By far the most closely watched congressional primary of either party in Florida took place in the 16th District (Palm Beach), which Democrat Tim Mahoney won in ‘06 after scandal forced Republican Rep. (1994-2006) Mark Foley to resign in the last week of September. Mahoney is almost universally regarded as one of the most vulnerable Democratic House members up for election. So it was no surprise to find three heavyweight GOPers, conservatives all, duking it out for the right to challenge him.
The winner by a hair was Tom Rooney, attorney and U.S. Army veteran. The grandson of legendary Pittsburgh Steelers owner Art Rooney edged out State Rep. Gayle Harrell. Conservatives were split on the race, with former House Speaker Newt Gingrich weighing in for Harrell and the House Conservative Fund backing Rooney. Republican Gov. Charlie Crist and State Party Chairman Jim Grier, both of whom usually stay out of primary fights, made rare endorsements of Rooney in the twilight days of the race. Their backing was probably pivotal to his winning nomination by about 1% of the vote.
The third candidate in the race was Hal Valeche, also considered a conservative.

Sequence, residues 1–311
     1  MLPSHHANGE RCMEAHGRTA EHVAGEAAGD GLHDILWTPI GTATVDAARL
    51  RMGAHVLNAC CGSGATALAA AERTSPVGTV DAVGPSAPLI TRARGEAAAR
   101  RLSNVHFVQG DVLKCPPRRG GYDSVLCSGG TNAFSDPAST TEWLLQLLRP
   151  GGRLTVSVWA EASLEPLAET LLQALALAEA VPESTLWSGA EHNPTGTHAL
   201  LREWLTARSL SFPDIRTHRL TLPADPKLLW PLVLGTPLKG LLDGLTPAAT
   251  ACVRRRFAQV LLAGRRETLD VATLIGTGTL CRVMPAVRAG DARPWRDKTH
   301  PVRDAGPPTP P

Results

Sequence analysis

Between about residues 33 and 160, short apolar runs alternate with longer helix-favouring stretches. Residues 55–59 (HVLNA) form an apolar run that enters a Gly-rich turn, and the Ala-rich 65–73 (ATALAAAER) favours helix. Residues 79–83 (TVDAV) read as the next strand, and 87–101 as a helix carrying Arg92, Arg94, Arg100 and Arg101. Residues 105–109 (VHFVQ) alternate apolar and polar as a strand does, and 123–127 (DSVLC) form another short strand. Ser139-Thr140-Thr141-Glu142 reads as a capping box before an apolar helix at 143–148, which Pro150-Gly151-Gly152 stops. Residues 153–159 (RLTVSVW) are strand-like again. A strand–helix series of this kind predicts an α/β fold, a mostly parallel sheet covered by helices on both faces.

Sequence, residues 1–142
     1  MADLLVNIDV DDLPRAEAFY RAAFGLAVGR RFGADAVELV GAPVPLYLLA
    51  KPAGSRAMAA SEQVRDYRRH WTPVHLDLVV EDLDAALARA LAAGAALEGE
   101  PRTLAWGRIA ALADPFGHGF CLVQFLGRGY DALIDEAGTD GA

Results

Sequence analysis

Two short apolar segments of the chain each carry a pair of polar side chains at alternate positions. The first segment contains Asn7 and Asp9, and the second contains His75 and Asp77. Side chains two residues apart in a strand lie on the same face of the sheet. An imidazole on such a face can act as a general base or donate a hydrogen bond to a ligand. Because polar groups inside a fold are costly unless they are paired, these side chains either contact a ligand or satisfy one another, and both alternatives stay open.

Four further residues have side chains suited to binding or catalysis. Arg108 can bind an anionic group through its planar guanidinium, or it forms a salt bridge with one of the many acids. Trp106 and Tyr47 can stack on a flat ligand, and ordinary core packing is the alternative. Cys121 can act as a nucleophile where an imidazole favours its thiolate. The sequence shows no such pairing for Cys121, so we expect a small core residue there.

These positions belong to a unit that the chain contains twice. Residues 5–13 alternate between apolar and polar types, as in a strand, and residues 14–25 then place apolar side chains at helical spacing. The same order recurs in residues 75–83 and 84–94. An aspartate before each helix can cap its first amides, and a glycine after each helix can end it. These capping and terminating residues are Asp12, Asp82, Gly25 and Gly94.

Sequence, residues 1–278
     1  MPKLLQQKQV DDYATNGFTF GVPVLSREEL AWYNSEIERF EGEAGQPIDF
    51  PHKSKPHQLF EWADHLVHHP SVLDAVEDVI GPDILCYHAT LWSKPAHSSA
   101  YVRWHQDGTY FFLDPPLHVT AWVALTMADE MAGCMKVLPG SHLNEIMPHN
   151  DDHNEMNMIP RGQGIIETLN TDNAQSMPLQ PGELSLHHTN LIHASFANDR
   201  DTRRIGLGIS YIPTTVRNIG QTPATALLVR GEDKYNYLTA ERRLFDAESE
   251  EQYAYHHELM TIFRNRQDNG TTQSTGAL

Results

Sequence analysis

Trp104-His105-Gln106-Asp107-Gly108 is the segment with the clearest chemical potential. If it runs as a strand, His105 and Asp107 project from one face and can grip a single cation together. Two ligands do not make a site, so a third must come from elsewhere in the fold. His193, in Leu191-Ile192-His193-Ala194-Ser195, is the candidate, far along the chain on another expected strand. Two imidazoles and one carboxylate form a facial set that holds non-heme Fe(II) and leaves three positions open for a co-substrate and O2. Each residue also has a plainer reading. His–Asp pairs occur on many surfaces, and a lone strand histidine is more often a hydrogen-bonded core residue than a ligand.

In the lone district in which a Republican lawmaker is retiring, the succession to seven-term Rep. Dave Weldon appears to be a slam dunk. State Sen. Bill Posey, one of the most respected conservative leaders in Tallahassee, was endorsed early on by most of the other GOPers mentioned for the race. Posey won nomination in the Cape Canaveral-area 15th District with 77% of the vote and raised more money than all the other candidates in both primaries combined.
Alaska Rivals Louisiana
Riding into the Democratic National Convention on Denver’s popular “light rail” above-ground subway, I spoke to Alaska State Rep. Lindsey Holmes on Tuesday about her state’s primary that day. Noting the ethical controversies swirling around Republican Sen. Ted Stevens and GOP Rep. Don Young, Holmes remarked that “Alaska has the second-most interesting politics in the nation after Louisiana.”